Child Care

Child-care workers care for children who have yet to enter school as well as older children during the hours before or after school, or at other times when parents are unable to provide supervision. They play an important role in a child's development by caring for the child when parents are at work. Child-care workers are usually classified in three groups:

  • Workers who care for children at the child's home, called private household workers

  • Workers who care for children in their own home, called family child-care providers

  • Workers at child-care centers

  • Child-care workers spend their day working with children, but they must maintain contact with the parents or guardians through meetings and conferences to discuss their child's progress and needs. Government employees work at the increasing number of day-care centers in offices. Single parents and new mothers want to keep their young ones nearby, and they are being accommodated more and more.

    The government is jumping on the family-friendly bandwagon, and more and more onsite day-care centers are popping up in government facilities. This makes good business sense, and it's socially responsible. Having their children on the premises decreases workers' lateness and absenteeism, particularly with the increasing number of single parents, who depend on child-care facilities to help them raise their children.


    State or local regulations require a certain ratio of workers to children. This ratio varies with the age of the children. Most child-development experts recommend that a single caregiver be responsible for no more than three or four infants (less than one year old), five or six toddlers (one to two years old), or ten preschool-aged children (between two and five years old).

    Child-care workers may work a variety of different shifts. Childcare centers are usually open year round, with long hours so parents can drop off and pick up their children before and after work. Some centers have full-time and part-time staff with staggered shifts to cover the entire day. Public preschool programs operate during the typical nine- or ten-month school year, employing both full-time and part-time workers.

    The qualifications required of potential child-care workers also vary. Each state has its own licensing requirements that regulate training. These range from a high school diploma to community-college courses to a college degree in child development or early childhood education.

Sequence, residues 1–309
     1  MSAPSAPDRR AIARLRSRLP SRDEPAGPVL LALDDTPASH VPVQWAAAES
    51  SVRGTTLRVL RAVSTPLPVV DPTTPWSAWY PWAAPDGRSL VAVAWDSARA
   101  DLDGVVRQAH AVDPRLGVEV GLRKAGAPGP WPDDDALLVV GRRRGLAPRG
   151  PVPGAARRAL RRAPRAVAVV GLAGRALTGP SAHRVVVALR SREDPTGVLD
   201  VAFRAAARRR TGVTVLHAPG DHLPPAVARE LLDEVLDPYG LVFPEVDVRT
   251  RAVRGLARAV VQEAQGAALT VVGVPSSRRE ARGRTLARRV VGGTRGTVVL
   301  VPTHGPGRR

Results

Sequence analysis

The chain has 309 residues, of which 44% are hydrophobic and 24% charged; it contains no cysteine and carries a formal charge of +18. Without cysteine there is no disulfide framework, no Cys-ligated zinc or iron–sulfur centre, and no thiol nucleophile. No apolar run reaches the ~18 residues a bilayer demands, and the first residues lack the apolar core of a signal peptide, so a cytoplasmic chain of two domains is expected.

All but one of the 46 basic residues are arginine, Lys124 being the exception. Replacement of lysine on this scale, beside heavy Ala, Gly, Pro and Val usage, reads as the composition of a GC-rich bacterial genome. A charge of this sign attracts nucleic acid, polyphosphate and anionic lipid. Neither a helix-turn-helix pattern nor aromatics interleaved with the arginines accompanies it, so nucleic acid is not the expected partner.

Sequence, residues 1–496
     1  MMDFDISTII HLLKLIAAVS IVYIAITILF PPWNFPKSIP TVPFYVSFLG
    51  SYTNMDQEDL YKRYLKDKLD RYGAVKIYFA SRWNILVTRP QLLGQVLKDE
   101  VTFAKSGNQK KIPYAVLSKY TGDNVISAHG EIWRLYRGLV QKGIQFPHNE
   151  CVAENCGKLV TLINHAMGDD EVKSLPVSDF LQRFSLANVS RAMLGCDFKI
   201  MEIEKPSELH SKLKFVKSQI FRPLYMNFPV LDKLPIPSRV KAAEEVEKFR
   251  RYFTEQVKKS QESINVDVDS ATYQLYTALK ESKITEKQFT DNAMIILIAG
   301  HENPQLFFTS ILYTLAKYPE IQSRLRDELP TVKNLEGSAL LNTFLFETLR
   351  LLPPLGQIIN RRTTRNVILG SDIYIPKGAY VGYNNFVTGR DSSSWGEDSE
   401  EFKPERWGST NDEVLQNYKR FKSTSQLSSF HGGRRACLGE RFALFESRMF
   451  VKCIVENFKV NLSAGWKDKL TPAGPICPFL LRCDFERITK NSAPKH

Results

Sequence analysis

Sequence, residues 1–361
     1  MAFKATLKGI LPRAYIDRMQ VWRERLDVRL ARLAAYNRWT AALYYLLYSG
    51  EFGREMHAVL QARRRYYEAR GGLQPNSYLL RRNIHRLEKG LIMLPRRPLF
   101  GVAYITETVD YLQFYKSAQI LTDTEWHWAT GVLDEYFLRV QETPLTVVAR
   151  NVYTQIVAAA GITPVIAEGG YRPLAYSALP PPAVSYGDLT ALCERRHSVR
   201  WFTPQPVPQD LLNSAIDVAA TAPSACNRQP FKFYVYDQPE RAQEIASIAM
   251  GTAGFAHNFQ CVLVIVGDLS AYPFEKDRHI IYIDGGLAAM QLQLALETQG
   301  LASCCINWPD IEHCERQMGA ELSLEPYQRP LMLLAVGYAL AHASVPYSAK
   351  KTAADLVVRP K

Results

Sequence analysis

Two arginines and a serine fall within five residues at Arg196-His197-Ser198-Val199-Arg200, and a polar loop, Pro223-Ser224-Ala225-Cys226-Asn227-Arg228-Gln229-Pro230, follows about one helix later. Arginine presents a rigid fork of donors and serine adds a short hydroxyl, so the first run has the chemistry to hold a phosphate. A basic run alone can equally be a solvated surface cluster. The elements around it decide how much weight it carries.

State requirements are generally higher for workers at child-care centers than for family child-care providers. Publicly funded programs have more demanding training and education requirements. Some employers only hire child-care workers who have earned a nationally recognized Child Development Associate credential or the Certified Childcare Professional designation. More and more employers require an associate's degree in early childhood education.

    Opportunities for advancement are limited, but as a child-care worker gains experience, she or he can rise to supervisory or administrative positions in large child-care centers. These positions generally require additional training and education, such as a bachelor's or master's degree.

    Employment Outlook

    There are about 1.3 million child-care workers, many of whom work part time. Some 62 percent of them work in local government educational services, nursing and residential care facilities, religious organizations, amusement and recreation industries, private educational services, or civic and social organizations. State and local governments operate nonprofit child-care programs.

    There are always good job opportunities for qualified child-care workers. Many must be replaced every year as they leave the occupation. Many leave because of dissatisfaction with hours, low pay and benefits, and stressful conditions. Employment is expected to increase over the coming decade. This statistic is based on the number of women of childbearing age in the work force, combined with the fact that the number of children under five years of age is expected to rise over the next ten years. Only a few states provide targeted or universal preschool programs at the moment, but this is likely to change.

    Salaries for Child-Care Workers

    Salary depends on the education of the worker and kind of childcare center. Sadly, the pay is very low. As always, however, more education usually means higher potential earnings. The median hourly wage of child-care workers is $8.06. Benefits are minimal, if any.

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